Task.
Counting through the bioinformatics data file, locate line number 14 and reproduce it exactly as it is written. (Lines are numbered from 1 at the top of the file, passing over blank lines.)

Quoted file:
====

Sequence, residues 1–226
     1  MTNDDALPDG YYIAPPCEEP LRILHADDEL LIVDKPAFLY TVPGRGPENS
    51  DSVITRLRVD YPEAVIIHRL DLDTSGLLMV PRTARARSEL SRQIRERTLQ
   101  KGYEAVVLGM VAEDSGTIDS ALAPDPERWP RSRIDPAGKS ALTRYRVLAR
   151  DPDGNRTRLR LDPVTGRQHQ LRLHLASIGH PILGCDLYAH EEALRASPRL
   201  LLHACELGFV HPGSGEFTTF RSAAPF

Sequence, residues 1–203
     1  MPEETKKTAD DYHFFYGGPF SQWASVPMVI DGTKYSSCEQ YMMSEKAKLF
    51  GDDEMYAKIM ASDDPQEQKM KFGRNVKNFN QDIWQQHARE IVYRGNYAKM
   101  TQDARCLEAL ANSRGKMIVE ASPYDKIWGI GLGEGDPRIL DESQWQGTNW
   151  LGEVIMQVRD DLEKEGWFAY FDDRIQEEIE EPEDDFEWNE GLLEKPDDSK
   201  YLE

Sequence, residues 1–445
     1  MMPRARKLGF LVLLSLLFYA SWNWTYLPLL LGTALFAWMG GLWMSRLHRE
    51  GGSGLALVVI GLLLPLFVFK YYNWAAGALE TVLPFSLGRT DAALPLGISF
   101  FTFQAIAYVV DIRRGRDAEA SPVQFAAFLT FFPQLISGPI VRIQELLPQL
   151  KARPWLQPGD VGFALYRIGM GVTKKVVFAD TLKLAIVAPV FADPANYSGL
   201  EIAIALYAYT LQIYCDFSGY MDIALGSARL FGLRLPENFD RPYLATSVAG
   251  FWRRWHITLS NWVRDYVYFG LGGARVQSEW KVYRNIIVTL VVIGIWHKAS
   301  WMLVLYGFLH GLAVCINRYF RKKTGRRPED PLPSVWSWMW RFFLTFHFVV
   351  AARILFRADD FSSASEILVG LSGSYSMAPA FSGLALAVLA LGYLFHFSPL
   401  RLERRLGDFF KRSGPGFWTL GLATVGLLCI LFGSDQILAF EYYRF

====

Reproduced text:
     1  MMPRARKLGF LVLLSLLFYA SWNWTYLPLL LGTALFAWMG GLWMSRLHRE